Ernesto Miranda


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ernesto miranda miranda vs arizona




In 1966 the Supreme Court made a ruling that every American would always know and remember.  The case was Miranda versus The State of Arizona.
Early in 1963, an 18-year-old woman was kidnapped and raped in Phoenix, Arizona.  The police investigated the case, and soon found and arrested a poor and mentally disturbed man.  The name of this man was Ernesto Miranda.  Miranda was 23 years old when he was arrested.  He confessed to the kidnapping and the rape after two hours of questioning.  By confessing to the crime Miranda was convicted for kidnapping and rape.
However, when Miranda was arrested he was not told his rights that are stated in the 5th Amendment.  On appeal, Miranda’s lawyers pointed out that the police had never told him that he had the right to a lawyer and that he could remain silent if he wished to.  In addition, he was not told that everything he said could be used against him in court.  In 1966, the United States Supreme Court gave support to Mirada’s appeal by a 5-4 decision that’s his rights were violated.  The Supreme Courts decision detailed the principles governing police interrogation and decided that police must make certain points clear before questioning a suspect.  Miranda was later convicted of the charges based on the evidence against him.
The Miranda case solely dealt with the first ten Amendments, which are also known as the “ bill of rights.”  According to the 5th Amendment, anyone including foreigners arrested in the United States has certain rights and privileges that should be spelled out for them at the time of arrest.  These rights are to ensure that everyone has the right to due process of the law.  If any of the five points listed in the 5th Amendment are violated, the accused cannot be sentenced.
The Miranda case gave an accused person 5 basic rights, they are
1)The accused has the right to remain silent.
2)The accused must be warned that anything they say can be used against them in court.
3)The accused has the right to have an attorney present during any questioning.
4)The accused can terminate questioning at any point they want to
5)If the accused and not afford an attorney they will be provided with one.
Police officers often carry a card with the that reminds them of a suspects “Miranda Rights” and reminds them to read the suspect there rights.  A police officer will often say this to a suspect.  “You have the right to remain silent, anything you say can and will be used against you in a court of law.  You have the right to an attorney if you can not afford one, one will be appointed to you, do you understand your rights?”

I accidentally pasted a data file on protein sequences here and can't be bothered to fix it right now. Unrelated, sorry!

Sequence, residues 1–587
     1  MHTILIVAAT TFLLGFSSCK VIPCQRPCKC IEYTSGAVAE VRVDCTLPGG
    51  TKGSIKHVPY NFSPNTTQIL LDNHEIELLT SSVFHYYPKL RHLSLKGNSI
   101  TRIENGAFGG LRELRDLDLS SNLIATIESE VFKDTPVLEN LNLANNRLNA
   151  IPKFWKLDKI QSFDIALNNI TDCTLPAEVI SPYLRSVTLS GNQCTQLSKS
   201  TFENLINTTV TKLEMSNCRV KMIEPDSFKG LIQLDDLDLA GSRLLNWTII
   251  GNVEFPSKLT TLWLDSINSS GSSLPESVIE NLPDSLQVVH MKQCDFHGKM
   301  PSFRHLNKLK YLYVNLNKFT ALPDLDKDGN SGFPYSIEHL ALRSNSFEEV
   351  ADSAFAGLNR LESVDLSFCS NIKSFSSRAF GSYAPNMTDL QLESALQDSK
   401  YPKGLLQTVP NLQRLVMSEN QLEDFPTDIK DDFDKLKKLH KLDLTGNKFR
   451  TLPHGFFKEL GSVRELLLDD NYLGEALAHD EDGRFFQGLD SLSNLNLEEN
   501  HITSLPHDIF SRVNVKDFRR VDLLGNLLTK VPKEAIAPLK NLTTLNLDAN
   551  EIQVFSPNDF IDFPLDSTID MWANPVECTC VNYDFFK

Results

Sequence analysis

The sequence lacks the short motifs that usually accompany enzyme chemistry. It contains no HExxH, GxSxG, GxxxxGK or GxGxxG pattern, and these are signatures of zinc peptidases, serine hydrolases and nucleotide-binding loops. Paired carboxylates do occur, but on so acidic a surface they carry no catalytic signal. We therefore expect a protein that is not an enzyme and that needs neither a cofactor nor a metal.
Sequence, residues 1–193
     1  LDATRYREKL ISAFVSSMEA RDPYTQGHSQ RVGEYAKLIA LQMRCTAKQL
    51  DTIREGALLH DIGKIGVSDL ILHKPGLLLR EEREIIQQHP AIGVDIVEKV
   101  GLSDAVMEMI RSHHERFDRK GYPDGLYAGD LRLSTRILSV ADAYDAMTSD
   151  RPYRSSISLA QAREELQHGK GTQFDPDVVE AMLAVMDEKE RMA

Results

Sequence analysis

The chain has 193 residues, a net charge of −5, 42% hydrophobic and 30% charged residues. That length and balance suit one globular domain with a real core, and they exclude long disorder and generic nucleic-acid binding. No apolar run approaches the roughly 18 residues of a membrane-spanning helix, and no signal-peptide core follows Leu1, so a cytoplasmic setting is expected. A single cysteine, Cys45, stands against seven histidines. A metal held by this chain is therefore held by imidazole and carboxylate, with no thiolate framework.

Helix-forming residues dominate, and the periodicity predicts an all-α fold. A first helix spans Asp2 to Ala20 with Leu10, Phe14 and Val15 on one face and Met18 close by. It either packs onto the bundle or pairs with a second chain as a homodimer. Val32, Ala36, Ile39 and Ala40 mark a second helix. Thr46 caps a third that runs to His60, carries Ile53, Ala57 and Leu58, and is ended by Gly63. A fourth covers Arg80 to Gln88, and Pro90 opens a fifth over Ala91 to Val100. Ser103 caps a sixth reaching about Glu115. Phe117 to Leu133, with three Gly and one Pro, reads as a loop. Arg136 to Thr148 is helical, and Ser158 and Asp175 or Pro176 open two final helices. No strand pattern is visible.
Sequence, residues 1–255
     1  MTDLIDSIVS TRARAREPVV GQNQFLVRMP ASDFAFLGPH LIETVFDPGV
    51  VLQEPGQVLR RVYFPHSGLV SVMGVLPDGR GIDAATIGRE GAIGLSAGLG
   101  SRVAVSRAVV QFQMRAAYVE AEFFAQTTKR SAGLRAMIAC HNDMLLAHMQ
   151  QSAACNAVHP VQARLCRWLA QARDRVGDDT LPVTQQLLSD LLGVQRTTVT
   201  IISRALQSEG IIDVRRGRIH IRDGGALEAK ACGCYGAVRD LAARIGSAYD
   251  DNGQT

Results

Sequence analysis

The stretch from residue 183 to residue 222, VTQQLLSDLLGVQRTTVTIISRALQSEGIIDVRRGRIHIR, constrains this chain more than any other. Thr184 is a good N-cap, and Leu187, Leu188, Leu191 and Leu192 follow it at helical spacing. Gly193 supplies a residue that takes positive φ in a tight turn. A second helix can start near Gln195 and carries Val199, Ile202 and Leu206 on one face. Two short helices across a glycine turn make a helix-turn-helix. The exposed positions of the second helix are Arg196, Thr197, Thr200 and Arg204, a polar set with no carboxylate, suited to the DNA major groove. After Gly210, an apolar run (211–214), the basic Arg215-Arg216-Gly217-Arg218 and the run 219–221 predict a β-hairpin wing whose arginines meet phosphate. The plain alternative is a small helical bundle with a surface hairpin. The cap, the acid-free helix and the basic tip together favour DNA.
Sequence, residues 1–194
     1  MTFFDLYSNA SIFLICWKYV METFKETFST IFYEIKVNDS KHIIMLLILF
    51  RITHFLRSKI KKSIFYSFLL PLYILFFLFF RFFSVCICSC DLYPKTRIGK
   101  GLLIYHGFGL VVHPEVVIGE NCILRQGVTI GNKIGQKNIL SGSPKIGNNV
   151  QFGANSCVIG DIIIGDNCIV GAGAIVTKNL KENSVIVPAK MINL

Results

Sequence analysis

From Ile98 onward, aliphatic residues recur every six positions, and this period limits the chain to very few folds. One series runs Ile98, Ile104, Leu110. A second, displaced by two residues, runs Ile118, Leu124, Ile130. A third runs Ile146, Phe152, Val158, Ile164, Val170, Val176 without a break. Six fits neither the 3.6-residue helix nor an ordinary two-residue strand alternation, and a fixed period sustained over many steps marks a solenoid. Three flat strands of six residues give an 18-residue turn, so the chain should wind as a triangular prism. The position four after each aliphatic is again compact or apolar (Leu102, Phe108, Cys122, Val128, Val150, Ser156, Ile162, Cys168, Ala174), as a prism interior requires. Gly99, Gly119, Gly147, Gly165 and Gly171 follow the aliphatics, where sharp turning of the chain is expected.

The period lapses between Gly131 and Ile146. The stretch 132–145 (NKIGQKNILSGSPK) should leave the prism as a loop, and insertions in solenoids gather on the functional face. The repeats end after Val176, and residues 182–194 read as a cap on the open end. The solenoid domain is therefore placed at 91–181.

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Mirandarights




In 1966, the U. S. Supreme Court handed down its landmark decision in Miranda
v. Arizona.  The Miranda decision was a departure from the established law in the area of
police interrogation. Prior to Miranda, a confession would be suppressed only if a court
determined it resulted from some actual coercion, threat, or promise.  The Miranda
decision was intended to protect suspects of their 5th Amendment right of no
self-incrimination.  The verdict of  Miranda v. Arizona is an efficient way of informing
criminal suspects of their rights established by the Constitution, allowing un-Constitutional
confessions to be nullinvoid in the court of law.  However, it does not enforce it well
enough.  For example, a statement taken in violation of Miranda can be used for
impeachment purposes and deciding whether evidence derived from a Miranda violation is
admissible. Also, Miranda applies to undercover police interrogation and prior to routine
booking questions, protecting all suspect in American custody to be aware of their rights.
Next, it says that police may not continue to interrogate a suspect after he makes a request
At approximately 8:30 p.m. on November 27, 1962, a young woman left the First
National Bank of Arizona after attending night classes. A male suspect robbed the woman
of $8 at knife-point after forcing his way into her car. Four months later, the same suspect
abducted an 18-year-old girl at knife-point and, after tying her hands and feet, drove to a
secluded area of the desert and raped her.  On March 13, 1963, police arrested
23-year-old Ernesto Arthur Miranda as a suspect in the two crimes. Miranda had a prior
arrest record for armed robbery and a juvenile record for, among other things, attempted
rape, assault, and burglary. Both victims viewed corporeal lineups and identified Miranda